Tuesday, 4 December 2018

Navy encashes bank guarantees as Reliance Naval fails to deliver patrol vessels

Bank guarantees encashed; RNAVAL before National Companies Law Tribunal, MoD weighing options

By Ajai Shukla
Business Standard, 4th Nov 18


Chief of Naval Staff Admiral Sunil Lanba revealed on Monday that the navy has encashed bank guarantees provided by Reliance Naval and Engineering (RNAVAL), after the latter failed to deliver even the first of five naval offshore patrol vessels (NOPVs), which were supposed to be delivered between November 2014 and November 2016.

Answering a question from the press in New Delhi about preferential treatment to RNAVAL, Lanba stated: “Reliance Naval’s bank guarantees have been encashed by the navy. So punitive action has been taken against [RNAVAL]. It is a process which is moving forward.”

The Ministry of Defence (MoD) requires vendors to provide bank guarantees worth 10 per cent of every contract they win. With the NOPV contract worth about Rs 2,500 crore (Rs 25 billion), the bank guarantees encashed are worth Rs 250 crore (Rs 2.5 billion).

Lanba clarified the NOPV contract has not been cancelled yet, though further action might be in the offing. 

“It has not been cancelled at the moment. But the contract is being looked at and being examined and what we need to do with it,” said Lanba.

Asked whether RNAVAL is allowed to take part in navy shipbuilding tenders, Lanba appeared to duck the question. “There are no tenders which have been issued as yet,” he said.

The defence ministry is understood to be evaluating whether to allow RNAVAL to bid in warship tenders, given its precarious finances. Lanba confirmed that IDBI Bank has taken RNAVAL to the National Company Law Tribunal (NCLT), seeking debt resolution. An 18-member consortium of lenders reportedly declined RNAVAL’s settlement offer for Rs 9,000 crore (Rs 90 billion) in outstanding loans. 

At least one lender – Vijaya Bank – has classifed its loan to RNAVAL as a non-performing asset. RNAVAL’s auditors, Pathak HD & Associates, have noted that cash losses, erosion of net worth, recalled loans and other adverse indicators “may cast significant doubt on the company’s ability to continue as a going concern.”

Meanwhile, senior RNAVAL sources say work continues in its Pipavav Shipyard in Gujarat to build and deliver the NOPVs. RNAVAL’s website still states: “RNAVAL… is in the process of design and construction of five Naval Offshore Patrol Vessels for the Ministry of Defence. Production of first two vessels has commenced and pre-production activities for the other three ships are already in progress.”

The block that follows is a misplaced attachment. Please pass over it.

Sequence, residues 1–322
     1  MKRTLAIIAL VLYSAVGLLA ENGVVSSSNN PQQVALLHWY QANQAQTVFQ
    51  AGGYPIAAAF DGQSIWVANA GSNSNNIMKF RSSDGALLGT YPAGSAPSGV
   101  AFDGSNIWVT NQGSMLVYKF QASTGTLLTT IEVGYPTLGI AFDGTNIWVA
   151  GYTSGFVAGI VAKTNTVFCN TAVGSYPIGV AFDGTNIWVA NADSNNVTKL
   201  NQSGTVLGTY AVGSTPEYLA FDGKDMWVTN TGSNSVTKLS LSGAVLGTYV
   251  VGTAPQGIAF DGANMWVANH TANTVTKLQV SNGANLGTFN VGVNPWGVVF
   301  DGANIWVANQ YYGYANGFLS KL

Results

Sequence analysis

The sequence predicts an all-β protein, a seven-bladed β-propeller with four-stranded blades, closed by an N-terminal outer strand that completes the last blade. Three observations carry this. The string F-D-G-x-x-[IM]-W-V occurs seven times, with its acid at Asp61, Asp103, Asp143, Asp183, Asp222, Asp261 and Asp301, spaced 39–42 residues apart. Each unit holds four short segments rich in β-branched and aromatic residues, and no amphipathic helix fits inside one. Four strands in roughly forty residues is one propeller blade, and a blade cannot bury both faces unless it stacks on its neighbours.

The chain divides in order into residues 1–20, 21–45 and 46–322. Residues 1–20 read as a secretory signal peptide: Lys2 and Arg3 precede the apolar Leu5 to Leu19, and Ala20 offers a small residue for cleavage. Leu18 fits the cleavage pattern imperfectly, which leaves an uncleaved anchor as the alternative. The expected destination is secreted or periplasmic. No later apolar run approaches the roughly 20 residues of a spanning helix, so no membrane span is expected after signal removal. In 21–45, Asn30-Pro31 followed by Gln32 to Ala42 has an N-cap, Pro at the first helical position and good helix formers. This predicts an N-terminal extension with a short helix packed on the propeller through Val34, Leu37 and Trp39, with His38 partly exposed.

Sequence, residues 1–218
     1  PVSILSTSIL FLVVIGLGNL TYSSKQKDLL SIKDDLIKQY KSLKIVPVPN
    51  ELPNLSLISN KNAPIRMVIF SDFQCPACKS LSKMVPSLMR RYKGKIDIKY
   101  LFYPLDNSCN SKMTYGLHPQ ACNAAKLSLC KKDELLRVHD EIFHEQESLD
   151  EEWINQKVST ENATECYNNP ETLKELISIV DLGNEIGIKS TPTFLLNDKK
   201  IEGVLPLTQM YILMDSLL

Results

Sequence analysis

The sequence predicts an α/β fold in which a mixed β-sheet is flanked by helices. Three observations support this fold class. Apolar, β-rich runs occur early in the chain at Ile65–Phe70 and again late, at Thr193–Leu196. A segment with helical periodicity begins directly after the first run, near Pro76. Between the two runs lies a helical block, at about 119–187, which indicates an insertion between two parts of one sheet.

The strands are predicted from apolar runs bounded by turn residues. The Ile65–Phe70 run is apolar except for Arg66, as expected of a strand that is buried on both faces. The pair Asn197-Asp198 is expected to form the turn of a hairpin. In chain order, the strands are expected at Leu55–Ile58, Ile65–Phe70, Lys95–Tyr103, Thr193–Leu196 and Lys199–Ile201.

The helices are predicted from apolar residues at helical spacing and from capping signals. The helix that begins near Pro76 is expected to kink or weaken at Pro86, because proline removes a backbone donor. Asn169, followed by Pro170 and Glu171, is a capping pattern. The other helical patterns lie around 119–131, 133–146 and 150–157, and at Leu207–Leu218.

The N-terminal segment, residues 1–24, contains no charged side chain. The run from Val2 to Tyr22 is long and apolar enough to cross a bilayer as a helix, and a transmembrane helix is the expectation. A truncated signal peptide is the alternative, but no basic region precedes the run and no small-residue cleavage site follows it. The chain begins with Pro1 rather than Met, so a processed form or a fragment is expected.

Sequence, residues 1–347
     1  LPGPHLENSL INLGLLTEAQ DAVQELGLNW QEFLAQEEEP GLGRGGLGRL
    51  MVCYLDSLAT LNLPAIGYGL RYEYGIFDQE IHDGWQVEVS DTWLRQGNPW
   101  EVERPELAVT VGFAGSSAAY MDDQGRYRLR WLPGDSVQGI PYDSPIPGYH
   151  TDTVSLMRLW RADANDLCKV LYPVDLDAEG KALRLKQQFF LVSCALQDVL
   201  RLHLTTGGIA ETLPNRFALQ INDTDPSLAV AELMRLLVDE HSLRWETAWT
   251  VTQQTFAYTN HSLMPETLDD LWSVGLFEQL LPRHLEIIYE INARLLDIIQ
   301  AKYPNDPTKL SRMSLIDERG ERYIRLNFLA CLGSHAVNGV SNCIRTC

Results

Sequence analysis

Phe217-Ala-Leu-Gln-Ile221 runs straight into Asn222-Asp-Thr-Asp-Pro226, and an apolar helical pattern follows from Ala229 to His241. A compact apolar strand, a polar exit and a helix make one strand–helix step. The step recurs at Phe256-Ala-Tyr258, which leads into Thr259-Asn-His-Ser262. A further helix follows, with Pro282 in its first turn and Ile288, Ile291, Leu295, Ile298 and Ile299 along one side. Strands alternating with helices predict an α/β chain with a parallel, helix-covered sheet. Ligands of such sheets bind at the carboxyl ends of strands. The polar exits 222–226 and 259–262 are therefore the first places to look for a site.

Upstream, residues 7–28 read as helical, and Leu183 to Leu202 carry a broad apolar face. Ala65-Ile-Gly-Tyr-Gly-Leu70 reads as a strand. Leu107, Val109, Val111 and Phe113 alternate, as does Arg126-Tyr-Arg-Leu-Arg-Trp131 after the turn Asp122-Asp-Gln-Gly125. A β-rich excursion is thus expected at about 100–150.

The website does not mention the delay in production and delivery – which is currently over four years, and counting.

The MoD’s indecision over whether to permit RNAVAL to bid in warship tenders is holding up warship tenders that industry estimates to be worth Rs 63,000 crore (Rs 630 billion).

These include a tender worth an estimated Rs 20,000 crore, for building four Landing Platform Docks (LPDs) in India – large vessels that carry helicopters, tanks and vehicles for amphibious landings, or for disaster relief.

In addition 42 more vessels are waiting to be tendered, including: seven next-generation corvettes, six next generation missile vessels, six next generation OPVs, four multi-purpose support ships, three cadet training ships, five survey vessels and one survey training vessel. The coast guard is also waiting to tender two pollution control vessels and eight fast patrol vessels

There are no questions over the eligibility of the four DPSU shipyards – Mazagon Dock Ltd, Mumbai; Garden Reach Shipbuilders & Engineers, Kolkata; Goa Shipyard and Hindustan Shipyard Ltd, Visakhapatnam. Private shipbuilder L&T has earned the MoD’s confidence with its ahead-of-time-delivery of OPVs for the coast guard. However, tendering remains held up by one question: Is RNAVAL eligible to participate, given its building record and financial condition?

RNAVAL was formerly known as Pipavav Defence and Offshore Engineering Company Limited (PDOECL). After Anil Ambani acquired a majority stake from its earlier promoter, Nikhil Gandhi, the name was changed to Reliance Defence and Engineering Limited, and then to RNAVAL.

4 comments:

Anonymous said...

This Govt moves slowly but surely on evidence.
Same time Modi and his colleagues are very careful not curse industrialists.
The pvt sector is lifeline in any country. They give taxes provide jobs.
How ever they have been tightening laws for bank loans and taxes.

This professionalism is something guys like prashnat bhushan, Arun shourie, Rahul Gandhi have to learn.
Even in case of DRAL, if reliance does not deliver, they will force it to sell it’s stake to someone else . (See ILF&S)
If you see any country such things are common.

So please stop politics in your blog !

Anonymous said...

Well, it seems an open and shut case to me. RNAVAL has proven unable to deliver, the bank guarantee had to be enchased - so clearly they must be disqualified. The real scandal would be if - as you say - the MOD is holding up new shipbuilding orders in order to favor RNAVAL,
despite the critical strength imbalance faced by the Indian Navy. At a time China is expanding aggressively into the Indian Ocean, and other shipbuilders are ready and able to build warships in tune with the Navy's needs, this is criminal. The Defense Minister must be held answerable.

Anonymous said...

If the expected date of delivery was 2014, the order to Reliance must have been given by the UPA Govt. Why did UPA govt engage a company who had no experience in ship building? My guess, corruption.

Anonymous said...

blacklist RNAVAL forever, take over their shipyard and convert to DPSU, nominate orders to them and close the chapters. there should be no pvt players in defence and hence this way no corruption!!